What looks set to be a record year for Irish tourism has helped create an extra 5,000 seasonal jobs in Irish pubs, according to a new study.
Then claim is made in a survey conducted by the Vintners Federation Ireland (VFI) earlier this month.
According to the VFI, 2,500 of its 4,000 member pubs are located in "traditional tourist areas" comprising of locations such as coastal areas and the Shannon region.
Each summer pubs in these areas employ an extra 4.8 people on average throughout the traditional busier summer months, which could last from May to September although trade would tend to reach its height between June and August.
The extra 4.8 staff in the 2,500 pubs would create, on average, 12,000 seasonal jobs.
However, this year the VFI has said that the same 2,500 pubs each employed a further two additional staff this summer, creating 5,000 extra jobs.
This brings the total number of seasonal jobs created to 17,000.
This figure is based on a survey of 120 pubs located in the "traditional tourist areas". Their responses were then averaged out across all 2,500 pubs located in the traditional tourist areas.
A statement from the VFI said that the significant bump in seasonal employment is "solely attributed to the significant increase in overseas and domestic tourism numbers and the central role played by the pub in the tourism industry".
Overseas visitor numbers to Ireland grew by 12.1pc in the first five months of the year, according to data from the Central Statistics Office.
A record three million overseas visitors have arrived so far in 2015. If this trend continues Ireland will be on course for its best ever year in tourism.
VFI chief executive Padraig Cribben said that the extra jobs are "real proof that the tourism trade is well and truly back and highlights its importance to local economies."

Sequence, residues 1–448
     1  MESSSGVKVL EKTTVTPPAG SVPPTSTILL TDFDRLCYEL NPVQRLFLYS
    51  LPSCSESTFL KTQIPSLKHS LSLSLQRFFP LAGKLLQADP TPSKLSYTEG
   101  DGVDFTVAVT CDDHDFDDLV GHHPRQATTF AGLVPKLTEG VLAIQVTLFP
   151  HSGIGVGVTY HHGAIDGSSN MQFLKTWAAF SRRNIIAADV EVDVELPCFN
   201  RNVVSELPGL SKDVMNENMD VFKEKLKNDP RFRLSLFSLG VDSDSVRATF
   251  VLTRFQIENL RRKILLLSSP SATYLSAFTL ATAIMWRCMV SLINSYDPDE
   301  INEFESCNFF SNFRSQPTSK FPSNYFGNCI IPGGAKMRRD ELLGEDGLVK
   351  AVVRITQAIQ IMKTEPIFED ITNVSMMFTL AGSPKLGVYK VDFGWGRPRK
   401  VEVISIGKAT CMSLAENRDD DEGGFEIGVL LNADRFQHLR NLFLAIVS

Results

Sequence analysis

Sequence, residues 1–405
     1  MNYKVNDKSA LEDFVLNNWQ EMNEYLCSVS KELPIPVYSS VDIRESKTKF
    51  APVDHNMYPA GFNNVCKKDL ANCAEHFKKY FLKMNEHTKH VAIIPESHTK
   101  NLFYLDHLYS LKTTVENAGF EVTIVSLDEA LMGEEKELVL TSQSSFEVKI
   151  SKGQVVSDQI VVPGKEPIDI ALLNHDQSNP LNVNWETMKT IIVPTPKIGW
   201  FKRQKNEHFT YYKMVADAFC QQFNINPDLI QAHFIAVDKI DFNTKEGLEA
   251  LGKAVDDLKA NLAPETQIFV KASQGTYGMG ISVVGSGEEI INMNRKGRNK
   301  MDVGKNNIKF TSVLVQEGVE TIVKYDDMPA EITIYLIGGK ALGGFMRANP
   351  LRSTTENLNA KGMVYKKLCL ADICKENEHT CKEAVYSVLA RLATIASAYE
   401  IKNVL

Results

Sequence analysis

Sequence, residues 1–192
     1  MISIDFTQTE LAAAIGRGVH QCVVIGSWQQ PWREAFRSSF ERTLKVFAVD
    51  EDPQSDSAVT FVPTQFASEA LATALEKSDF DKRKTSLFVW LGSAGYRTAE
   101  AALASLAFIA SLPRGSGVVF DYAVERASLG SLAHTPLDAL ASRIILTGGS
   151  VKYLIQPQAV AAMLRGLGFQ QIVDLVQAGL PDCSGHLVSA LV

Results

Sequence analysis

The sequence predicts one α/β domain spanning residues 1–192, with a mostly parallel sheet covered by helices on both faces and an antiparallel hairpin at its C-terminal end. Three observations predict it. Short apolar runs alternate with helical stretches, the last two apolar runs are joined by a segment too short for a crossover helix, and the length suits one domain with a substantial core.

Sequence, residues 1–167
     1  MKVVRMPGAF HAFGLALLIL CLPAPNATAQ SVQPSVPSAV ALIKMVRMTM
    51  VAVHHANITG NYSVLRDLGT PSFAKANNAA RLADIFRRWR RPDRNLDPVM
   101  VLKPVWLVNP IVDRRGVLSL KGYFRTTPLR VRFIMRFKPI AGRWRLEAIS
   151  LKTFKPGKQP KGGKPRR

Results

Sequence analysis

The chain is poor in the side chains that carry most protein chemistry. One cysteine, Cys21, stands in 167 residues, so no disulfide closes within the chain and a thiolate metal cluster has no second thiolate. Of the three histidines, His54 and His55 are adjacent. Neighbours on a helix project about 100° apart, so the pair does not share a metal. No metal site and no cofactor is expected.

He added: "The tourism industry is vital to Ireland and in order to keep attracting big numbers like we have seen this summer, we need to provide great facilities and service and also keep prices under control in the hospitality industry."
He also called on the Government to reduce the rate of excise duty on alcohol, claiming that it would further strengthen the tourist trade.
"Maintaining the level of excise at the same rate in last year's budget was a small step in the right direction. We would urge the Government to keep the country attractive to tourists and to bear this in mind as we approach budget 2016," he said.
"The Irish pub is central to the tourism industry and overseas visitors come in their millions to experience the atmosphere of an Irish pub.
"They will continue to do so if the value remains. Now is the time to reduce excise to keep our tourist offering attractive and competitive."
Mr Cribben's comments follow similar calls made by other figures in the hospitality sector. At a discussion panel in the Old Jameson Distillery last month the president of the Restaurants Association of Ireland, Anthony Gray, said that the current rate of excise duty is unfair on small businesses adding that wine is taxed "outrageously".
"The current high level of excise duty is completely unfair on small businesses and I've no doubt that alcohol taxes have damaged our image abroad," he said.
Speaking at the same panel, Dublin City University economist Tony Foley said high excise duty does not solve the social problems linked to alcohol.